The science behind our body clock

Hi everyone, this week’s post is about something we talk about a lot – our body clock. Even though everyone’s heard of it, I’m guessing it’s not something people are too familiar with, so I’ll try and explain it here.

The 24 hour cycle we live in accordance with is known as a Circadian Rhythm. This is set according to our environments – in particular in response to the amount of light or darkness. Therefore, the eyes are really important in regulating our circadian rhythms – people tend to forget that our eyes have functions other than sight!

The signals from the retina on the back of the eyeball travel towards the brain via ganglion cells – specialised cells which carry signals containing the visual output. These ganglion cells project towards a structure called the Suprachiasmatic Nucleus (which is fortunately abbreviated to SCN!) in the hypothalmus, which is shown in the image below:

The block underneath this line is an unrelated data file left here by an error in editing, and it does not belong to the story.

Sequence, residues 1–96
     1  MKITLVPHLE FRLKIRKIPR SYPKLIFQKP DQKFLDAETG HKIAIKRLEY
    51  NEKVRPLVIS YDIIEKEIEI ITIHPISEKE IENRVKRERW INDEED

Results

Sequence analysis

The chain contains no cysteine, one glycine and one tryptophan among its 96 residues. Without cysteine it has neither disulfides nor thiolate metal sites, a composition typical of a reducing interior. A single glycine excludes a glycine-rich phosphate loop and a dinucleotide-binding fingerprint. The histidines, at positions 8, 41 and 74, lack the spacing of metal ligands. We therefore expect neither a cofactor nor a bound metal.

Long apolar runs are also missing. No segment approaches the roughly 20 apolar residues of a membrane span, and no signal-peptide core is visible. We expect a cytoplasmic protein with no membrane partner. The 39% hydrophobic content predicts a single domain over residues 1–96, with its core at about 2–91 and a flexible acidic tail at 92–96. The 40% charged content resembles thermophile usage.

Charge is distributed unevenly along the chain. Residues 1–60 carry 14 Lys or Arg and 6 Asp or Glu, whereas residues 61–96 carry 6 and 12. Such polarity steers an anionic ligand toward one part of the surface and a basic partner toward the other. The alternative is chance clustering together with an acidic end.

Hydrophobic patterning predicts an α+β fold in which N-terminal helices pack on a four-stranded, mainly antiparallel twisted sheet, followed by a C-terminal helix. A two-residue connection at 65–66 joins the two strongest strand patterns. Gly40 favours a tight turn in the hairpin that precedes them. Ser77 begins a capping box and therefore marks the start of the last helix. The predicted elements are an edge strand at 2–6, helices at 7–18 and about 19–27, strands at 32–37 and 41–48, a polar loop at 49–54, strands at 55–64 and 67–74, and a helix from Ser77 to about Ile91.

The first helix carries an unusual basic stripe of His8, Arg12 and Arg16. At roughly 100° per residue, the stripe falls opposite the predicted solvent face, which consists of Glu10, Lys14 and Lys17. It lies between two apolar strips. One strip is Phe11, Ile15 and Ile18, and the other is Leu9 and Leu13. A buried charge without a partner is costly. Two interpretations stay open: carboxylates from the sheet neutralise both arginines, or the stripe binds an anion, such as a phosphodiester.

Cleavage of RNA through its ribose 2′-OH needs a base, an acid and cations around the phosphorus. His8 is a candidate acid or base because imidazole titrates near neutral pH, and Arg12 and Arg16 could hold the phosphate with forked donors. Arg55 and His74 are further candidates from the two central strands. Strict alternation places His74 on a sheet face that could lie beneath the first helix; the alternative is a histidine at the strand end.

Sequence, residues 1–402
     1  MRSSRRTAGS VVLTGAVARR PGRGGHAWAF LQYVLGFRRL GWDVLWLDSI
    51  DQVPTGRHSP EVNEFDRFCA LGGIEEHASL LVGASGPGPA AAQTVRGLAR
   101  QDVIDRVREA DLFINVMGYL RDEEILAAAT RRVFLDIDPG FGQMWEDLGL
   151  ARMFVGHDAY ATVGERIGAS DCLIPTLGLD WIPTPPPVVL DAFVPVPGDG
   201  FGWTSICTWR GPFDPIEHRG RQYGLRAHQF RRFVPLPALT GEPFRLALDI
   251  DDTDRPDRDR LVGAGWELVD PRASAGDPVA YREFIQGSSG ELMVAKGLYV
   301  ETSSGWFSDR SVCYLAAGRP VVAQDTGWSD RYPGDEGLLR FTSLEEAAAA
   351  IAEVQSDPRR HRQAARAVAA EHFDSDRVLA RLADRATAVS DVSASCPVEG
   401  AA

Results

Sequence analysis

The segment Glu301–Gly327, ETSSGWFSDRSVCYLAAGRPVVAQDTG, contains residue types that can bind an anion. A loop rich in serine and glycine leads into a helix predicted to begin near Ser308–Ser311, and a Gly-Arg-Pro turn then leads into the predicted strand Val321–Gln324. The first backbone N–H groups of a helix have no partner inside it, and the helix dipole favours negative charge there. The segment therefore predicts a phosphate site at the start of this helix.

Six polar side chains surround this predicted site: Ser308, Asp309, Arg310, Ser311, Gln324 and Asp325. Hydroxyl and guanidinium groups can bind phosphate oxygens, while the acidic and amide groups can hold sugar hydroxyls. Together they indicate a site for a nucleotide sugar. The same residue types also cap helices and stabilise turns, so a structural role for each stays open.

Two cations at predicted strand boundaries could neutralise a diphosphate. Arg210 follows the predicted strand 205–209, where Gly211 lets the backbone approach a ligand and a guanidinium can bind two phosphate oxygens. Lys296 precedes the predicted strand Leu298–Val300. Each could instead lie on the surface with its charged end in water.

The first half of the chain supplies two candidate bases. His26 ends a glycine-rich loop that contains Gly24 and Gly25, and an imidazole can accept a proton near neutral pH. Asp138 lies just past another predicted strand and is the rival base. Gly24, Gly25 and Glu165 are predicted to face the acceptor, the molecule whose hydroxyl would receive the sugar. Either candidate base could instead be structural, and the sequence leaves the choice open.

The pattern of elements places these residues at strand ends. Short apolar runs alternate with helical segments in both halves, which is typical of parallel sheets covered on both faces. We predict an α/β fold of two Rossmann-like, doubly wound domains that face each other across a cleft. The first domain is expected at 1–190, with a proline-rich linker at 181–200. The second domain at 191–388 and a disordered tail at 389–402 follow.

circadian_rhythm_labeled1

The SCN is known as the body’s ‘master clock’, and is responsible for keeping us in time with the circadian rhythm. Studies have shown that if this structure is damaged, then people’s circadian rhythms are virtually abolished. Cohen & Albers (1991) carried out a case study of a 34 year old woman who had part of her hypothalamus taken out as part of an operation to remove a brain tumour. Although the surgery successfully removed the tumour, she was left with a condition called hypersomnolence, which is basically excessive sleepiness in which patients can fall asleep at any time, although the extra sleep does not help reduce the symptoms. This shows the importance of the SCN in regulating our sleep pattern, and how disorientated we would be without it.

I hope you found this post interesting – check back next Thursday for my next blog post all about sleep.

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